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#1 2020-01-30 23:55:16

__cmatt
Member
Registered: 2019-12-15
Posts: 3

Sharing system site packages across different python versions?

Hi everyone,

I've got a simple question: can you share python packages installed from the official repositories (e.g. python-tensorflow) to alternative python versions installed in /usr/local/bin/python3.x?

I can perfectly understand how a python package optimised for Arch is only available only for the python that the system uses. I usually go for the lazy way and install everything via pip on virtual environments for things where optimisation doesn't really make any difference. Whereas for tensorflow stuff I've been using the system python (which is fine I guess if you're still using environments). Now I was just curious if you could bind these packages to alternative installs for cases when a certain python version is wanted...

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#2 2020-01-31 08:17:04

schard
Member
From: Hannover
Registered: 2016-05-06
Posts: 811
Website

Re: Sharing system site packages across different python versions?

Python packages will generally not support arbitrary python versions.
E.g. I recently upgraded a python software project that I maintain to use the new walrus operator introduced in python 3.8.
So it will not be compatible with any lower python versions.
Furthermore the units' locations are defined within the package's file tree. So you at least would need to repackage those packages to install the respective units into the proper python library path.

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#3 2020-01-31 10:06:32

__cmatt
Member
Registered: 2019-12-15
Posts: 3

Re: Sharing system site packages across different python versions?

Oh nice! I wasn't aware of this new walrus operator.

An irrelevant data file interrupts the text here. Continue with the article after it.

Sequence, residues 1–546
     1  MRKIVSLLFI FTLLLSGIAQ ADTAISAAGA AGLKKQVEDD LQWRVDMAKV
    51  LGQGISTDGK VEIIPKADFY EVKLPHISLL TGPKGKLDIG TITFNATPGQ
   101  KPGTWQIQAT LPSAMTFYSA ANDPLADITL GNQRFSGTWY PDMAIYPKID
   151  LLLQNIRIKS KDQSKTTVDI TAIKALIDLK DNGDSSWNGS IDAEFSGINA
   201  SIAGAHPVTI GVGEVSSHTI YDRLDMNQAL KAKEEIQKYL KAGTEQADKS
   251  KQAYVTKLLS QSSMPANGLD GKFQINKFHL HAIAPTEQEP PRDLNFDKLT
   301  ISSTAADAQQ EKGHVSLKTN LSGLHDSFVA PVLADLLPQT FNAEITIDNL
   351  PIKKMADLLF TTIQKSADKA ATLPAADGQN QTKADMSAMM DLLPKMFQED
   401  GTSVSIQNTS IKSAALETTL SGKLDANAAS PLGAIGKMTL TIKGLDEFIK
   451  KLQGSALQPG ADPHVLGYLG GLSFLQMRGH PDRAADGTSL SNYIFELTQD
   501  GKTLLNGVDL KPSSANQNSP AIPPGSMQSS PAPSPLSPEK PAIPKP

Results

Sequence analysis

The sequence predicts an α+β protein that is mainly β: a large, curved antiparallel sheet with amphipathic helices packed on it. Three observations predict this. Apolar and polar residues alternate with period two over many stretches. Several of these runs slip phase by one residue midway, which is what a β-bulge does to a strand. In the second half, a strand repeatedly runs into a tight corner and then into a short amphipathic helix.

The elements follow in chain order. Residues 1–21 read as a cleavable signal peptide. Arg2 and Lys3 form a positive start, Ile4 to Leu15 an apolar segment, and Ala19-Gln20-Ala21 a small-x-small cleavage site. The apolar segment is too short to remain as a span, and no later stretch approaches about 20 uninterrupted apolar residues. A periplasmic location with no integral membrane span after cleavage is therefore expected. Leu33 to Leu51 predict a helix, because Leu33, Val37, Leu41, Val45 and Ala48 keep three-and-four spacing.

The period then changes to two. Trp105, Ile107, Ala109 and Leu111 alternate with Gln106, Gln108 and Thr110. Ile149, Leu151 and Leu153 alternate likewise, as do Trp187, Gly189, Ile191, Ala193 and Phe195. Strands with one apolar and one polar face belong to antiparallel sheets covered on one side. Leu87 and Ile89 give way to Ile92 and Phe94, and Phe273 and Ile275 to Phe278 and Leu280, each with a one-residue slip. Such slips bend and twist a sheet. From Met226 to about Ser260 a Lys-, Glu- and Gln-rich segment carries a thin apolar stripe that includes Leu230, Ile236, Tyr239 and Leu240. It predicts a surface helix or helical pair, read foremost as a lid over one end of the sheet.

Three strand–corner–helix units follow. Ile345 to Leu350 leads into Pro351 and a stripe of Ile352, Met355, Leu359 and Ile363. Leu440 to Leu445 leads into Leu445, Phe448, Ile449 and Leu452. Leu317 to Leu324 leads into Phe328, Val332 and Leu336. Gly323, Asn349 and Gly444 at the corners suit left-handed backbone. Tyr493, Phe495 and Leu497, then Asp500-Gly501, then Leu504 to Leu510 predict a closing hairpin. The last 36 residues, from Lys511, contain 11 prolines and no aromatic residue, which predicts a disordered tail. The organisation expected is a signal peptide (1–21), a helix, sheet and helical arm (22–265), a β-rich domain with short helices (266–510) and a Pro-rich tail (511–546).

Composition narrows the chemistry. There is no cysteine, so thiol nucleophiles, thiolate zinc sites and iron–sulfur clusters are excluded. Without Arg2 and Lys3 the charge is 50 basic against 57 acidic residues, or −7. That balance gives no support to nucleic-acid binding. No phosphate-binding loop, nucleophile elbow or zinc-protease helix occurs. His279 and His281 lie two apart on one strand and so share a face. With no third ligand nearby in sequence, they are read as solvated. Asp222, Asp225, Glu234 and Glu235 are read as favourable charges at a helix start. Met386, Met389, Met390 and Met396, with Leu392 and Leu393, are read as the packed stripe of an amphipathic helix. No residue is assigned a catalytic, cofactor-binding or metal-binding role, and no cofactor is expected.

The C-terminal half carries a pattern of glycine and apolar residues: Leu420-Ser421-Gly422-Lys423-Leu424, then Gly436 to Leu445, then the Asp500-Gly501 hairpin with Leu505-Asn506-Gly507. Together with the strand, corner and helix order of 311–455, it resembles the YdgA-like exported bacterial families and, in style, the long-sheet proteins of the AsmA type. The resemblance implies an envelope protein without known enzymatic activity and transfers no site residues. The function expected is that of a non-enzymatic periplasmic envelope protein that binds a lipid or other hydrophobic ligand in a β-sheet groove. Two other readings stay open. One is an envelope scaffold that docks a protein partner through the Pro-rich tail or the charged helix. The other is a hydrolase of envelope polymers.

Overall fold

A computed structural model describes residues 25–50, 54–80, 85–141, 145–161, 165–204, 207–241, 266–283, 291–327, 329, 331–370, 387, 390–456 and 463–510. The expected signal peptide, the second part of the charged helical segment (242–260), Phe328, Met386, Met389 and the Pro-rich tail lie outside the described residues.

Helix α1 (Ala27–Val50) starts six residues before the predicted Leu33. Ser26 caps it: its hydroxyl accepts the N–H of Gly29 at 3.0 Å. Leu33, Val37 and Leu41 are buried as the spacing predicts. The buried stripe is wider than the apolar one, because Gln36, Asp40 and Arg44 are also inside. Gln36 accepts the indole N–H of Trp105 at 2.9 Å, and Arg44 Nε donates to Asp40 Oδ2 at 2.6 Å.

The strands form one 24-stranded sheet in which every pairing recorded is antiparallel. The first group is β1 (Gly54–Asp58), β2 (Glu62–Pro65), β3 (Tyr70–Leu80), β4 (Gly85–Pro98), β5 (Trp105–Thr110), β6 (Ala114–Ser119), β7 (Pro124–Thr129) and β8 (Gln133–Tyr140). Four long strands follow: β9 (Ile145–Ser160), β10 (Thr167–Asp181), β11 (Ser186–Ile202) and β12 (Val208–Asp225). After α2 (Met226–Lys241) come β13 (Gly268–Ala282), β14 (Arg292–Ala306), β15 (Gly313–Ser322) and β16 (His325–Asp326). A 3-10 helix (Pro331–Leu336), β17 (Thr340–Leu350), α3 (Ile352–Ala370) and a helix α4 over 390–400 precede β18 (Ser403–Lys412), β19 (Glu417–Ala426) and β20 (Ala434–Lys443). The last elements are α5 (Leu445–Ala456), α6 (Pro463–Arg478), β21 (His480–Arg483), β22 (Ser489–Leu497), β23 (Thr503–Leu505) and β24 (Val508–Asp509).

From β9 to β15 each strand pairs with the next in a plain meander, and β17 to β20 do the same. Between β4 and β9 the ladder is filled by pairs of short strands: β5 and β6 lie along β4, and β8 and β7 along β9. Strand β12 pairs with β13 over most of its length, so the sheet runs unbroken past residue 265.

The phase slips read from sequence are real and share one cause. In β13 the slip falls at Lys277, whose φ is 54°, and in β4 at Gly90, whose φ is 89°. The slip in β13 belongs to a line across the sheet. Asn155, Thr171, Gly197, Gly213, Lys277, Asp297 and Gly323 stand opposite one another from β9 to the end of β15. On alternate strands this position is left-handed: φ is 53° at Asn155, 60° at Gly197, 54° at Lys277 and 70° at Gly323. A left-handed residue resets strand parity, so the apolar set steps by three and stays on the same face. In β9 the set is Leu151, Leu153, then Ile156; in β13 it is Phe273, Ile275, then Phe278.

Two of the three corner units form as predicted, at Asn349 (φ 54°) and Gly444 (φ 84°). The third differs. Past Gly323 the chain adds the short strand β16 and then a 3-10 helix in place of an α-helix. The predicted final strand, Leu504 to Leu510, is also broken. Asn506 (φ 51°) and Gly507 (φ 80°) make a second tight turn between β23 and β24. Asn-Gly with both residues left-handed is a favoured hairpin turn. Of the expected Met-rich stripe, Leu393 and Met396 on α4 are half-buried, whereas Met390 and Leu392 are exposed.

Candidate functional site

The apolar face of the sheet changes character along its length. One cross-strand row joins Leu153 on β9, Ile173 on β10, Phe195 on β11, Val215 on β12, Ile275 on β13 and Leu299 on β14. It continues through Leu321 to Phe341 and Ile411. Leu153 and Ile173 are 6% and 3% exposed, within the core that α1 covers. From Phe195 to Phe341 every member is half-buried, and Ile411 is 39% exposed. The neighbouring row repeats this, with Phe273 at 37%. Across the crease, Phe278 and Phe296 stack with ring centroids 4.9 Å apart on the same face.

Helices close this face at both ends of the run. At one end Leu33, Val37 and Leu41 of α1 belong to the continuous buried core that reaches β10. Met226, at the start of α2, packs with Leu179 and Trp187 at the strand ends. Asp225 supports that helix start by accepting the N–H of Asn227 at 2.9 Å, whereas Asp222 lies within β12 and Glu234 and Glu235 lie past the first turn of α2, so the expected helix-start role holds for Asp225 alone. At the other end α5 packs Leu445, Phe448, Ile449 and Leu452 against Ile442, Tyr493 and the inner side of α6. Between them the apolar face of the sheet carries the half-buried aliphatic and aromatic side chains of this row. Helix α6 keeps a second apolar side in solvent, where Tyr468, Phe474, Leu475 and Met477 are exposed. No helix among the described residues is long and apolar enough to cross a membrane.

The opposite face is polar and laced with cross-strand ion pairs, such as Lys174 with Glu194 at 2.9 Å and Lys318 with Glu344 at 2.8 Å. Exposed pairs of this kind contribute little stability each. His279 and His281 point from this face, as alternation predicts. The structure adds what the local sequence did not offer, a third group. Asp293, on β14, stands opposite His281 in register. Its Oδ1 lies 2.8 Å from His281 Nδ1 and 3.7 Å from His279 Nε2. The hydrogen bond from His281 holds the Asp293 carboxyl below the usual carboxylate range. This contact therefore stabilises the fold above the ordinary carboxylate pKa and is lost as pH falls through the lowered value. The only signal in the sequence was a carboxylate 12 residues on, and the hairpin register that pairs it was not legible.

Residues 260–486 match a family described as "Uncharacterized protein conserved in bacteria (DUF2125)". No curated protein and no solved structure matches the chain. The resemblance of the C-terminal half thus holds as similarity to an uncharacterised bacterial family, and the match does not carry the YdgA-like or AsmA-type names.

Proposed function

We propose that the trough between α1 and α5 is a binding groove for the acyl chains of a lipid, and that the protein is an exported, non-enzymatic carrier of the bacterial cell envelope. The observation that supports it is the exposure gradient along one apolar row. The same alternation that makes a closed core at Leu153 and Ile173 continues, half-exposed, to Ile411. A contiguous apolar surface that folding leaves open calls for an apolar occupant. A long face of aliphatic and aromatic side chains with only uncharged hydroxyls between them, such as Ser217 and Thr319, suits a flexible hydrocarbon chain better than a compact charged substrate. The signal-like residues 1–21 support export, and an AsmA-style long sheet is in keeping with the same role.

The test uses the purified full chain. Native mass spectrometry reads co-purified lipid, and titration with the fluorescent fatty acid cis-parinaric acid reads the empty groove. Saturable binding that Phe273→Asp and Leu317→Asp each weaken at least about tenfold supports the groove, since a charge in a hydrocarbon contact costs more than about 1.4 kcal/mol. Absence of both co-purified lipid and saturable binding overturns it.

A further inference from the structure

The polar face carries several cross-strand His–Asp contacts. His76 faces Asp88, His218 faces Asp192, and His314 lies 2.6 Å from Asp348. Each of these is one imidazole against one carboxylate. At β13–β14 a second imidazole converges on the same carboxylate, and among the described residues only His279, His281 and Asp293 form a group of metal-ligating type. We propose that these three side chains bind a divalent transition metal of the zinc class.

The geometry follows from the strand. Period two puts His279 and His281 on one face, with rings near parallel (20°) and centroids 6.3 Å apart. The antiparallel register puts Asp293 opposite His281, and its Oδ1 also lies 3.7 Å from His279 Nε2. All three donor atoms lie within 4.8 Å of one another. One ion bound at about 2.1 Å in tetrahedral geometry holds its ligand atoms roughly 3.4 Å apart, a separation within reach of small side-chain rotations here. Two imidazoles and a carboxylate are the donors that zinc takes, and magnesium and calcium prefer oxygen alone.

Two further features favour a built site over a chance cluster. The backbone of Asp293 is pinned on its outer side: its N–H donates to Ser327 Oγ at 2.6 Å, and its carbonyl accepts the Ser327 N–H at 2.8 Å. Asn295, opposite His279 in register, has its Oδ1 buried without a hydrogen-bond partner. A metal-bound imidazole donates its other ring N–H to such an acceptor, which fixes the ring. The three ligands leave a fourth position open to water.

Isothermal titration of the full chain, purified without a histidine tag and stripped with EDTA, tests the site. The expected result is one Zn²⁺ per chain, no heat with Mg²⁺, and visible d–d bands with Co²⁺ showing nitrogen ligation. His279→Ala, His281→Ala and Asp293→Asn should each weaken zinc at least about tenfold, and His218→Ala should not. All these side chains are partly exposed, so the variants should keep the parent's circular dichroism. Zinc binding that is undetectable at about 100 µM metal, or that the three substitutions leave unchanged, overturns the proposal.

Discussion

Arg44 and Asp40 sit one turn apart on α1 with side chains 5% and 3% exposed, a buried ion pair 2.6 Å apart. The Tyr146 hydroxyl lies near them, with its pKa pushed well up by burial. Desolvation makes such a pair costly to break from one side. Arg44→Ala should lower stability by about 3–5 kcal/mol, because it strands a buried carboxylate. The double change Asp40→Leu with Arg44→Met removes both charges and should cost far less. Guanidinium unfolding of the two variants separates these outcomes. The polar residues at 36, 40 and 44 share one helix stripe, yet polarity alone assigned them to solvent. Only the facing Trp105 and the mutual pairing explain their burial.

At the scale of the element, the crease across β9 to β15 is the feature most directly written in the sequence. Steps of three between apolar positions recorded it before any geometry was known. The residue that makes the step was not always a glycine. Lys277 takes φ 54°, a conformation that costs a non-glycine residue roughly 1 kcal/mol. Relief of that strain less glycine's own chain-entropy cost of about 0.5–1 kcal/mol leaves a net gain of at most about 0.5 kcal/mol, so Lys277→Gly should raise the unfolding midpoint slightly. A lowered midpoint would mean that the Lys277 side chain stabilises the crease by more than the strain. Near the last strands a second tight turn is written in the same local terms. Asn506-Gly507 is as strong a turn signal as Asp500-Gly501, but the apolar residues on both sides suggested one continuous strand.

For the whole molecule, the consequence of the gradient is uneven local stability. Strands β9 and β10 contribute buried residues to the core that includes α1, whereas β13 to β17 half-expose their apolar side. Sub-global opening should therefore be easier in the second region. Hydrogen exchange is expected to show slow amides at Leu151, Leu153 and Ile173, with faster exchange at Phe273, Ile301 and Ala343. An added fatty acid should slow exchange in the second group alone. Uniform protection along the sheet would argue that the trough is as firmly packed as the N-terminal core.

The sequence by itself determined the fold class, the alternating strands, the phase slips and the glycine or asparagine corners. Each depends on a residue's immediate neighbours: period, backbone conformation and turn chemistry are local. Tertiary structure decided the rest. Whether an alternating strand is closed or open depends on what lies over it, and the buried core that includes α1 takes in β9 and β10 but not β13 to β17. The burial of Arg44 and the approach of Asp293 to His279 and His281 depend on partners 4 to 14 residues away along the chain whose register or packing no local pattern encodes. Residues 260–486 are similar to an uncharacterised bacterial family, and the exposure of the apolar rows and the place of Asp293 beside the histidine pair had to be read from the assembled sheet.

Yes, that makes perfect sense. So I imagine that with some effort you would be able to manually install these packages; I'm just seeing that this is detailed in the site.py file in under the python directory, so there's my answer.
Thanks for the quick reply! smile

EDIT: Do you see any noticeable performance improvements compared to packages installed with pip?

Last edited by __cmatt (2020-01-31 10:23:08)

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#4 2020-01-31 10:33:55

schard
Member
From: Hannover
Registered: 2016-05-06
Posts: 811
Website

Re: Sharing system site packages across different python versions?

I rarely install packages using pip on my systems, since I need many of them system-wide.
I have no benmchmark comparing the performance of packages installed via pip and pacman at hand.

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#5 2020-01-31 13:14:39

__cmatt
Member
Registered: 2019-12-15
Posts: 3

Re: Sharing system site packages across different python versions?

I understand.
Cheers for your help!

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#6 2020-02-04 08:27:43

eschwartz
Trusted User/Bug Wrangler
Registered: 2014-08-08
Posts: 3,426

Re: Sharing system site packages across different python versions?

pkgfile -l python-tensorflow| grep '\.so$'

None of these compiled C extensions will work on any version of python other than some version of 3.8, which they were initially compiled for. You would need to recompile them anyway.

schard wrote:

Python packages will generally not support arbitrary python versions.
E.g. I recently upgraded a python software project that I maintain to use the new walrus operator introduced in python 3.8.
So it will not be compatible with any lower python versions.

This itself is not usually a problem, as most widely distributed modules try to stay compatible with most or all non-EOL versions of python.

Furthermore the units' locations are defined within the package's file tree. So you at least would need to repackage those packages to install the respective units into the proper python library path.

export PYTHONPATH=/usr/lib/python3.8/site-packages
/usr/local/bin/python3.7

This would break specifically in the case of compiled C extensions, and anything that requires python 3.8 due to the use of walruses. But it would tend to work for everything else, albeit without .pyc loading. (If you ran python as root, you would end up with __pycache__/*.cpython-37.pyc files untracked by pacman, for use with python 3.7.)


Managing AUR repos The Right Way -- aurpublish (now a standalone tool)

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